Rafi Letzter

Eleven billion years ago, a hot, active, galaxy that looked like an eye glared across space. Now, using data from the W.M. Keck Observatory in Hawaii and the Hubble Space Telescope, astronomers have captured a snapshot of its unblinking gaze.

This galaxy, R5519, is made up of a flat ring of stars, with a hole in the middle where astronomers believe another blob of stars punched through. Galaxies like this, known as “collisional ring galaxies,” turn up infrequently in the modern universe. But this is the first time astronomers have seen one so old and far away; at 11 billion light-years from our planet, its ancient light is only just reaching Earth.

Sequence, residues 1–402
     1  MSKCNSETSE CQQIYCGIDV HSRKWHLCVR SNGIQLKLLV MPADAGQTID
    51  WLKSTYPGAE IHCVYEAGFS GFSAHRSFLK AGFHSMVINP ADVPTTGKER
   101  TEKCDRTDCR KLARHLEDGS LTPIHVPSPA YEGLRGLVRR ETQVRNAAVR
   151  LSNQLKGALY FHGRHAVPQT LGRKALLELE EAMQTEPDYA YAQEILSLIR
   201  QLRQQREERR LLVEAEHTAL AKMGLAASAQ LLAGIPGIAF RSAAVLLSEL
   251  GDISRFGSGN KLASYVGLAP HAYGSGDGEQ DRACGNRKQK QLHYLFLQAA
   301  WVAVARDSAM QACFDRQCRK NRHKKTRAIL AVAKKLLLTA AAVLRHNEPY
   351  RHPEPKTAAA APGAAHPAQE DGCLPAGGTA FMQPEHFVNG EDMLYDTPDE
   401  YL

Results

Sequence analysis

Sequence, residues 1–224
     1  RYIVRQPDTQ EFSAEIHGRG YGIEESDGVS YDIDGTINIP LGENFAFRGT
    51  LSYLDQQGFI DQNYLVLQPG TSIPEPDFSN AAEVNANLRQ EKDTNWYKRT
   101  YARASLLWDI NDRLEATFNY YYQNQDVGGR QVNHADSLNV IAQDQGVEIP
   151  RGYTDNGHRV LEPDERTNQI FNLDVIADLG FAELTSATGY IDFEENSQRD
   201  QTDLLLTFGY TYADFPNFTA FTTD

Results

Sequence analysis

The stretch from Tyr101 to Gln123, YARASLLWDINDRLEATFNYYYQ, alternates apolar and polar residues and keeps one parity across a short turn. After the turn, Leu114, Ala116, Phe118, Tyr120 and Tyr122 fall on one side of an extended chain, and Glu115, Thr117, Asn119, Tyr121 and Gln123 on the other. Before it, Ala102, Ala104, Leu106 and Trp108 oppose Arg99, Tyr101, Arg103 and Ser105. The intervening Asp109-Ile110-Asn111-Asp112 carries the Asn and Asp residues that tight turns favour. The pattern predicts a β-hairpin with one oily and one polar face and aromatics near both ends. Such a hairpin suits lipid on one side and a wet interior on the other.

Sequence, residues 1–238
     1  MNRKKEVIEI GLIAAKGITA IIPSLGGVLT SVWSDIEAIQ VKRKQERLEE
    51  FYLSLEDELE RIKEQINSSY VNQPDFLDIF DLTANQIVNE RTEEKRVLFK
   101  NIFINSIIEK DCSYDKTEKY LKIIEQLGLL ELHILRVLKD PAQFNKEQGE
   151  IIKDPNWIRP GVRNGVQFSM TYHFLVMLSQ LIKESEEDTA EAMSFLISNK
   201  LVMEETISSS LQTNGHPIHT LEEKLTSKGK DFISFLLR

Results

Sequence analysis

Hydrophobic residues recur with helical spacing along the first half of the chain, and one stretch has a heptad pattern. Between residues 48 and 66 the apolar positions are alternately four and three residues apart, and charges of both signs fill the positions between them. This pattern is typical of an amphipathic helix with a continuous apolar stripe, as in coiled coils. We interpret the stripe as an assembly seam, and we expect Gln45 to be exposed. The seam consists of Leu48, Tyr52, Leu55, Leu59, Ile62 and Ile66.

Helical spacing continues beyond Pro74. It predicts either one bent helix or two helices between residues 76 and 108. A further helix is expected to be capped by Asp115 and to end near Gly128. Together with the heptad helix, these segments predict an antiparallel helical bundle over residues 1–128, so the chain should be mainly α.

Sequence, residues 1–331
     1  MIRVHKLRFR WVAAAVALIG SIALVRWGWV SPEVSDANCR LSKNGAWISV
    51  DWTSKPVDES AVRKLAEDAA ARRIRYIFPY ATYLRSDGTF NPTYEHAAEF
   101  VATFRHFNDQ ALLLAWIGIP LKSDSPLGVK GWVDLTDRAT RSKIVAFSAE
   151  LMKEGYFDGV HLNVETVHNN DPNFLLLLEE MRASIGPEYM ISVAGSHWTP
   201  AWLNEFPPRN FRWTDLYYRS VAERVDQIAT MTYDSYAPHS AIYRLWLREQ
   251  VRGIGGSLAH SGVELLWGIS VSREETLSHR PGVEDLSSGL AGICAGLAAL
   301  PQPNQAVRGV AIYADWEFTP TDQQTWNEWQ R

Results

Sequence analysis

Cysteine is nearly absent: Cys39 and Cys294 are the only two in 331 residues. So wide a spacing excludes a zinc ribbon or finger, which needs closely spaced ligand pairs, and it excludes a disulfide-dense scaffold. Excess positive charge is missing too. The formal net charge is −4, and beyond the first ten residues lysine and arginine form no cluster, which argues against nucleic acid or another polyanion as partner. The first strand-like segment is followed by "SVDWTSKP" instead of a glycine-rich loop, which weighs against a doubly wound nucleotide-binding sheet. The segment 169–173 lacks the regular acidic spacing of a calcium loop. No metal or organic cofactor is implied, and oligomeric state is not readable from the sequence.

A composite image made from multiple single-color Hubble Space Telescope images shows what the galaxy looks like from Earth.

A composite image made from multiple single-color Hubble Space Telescope images shows what the galaxy looks like from Earth. (Image credit: Tiantian Yuan/Hubble Space Telescope)

Related: The 15 weirdest galaxies in our universe



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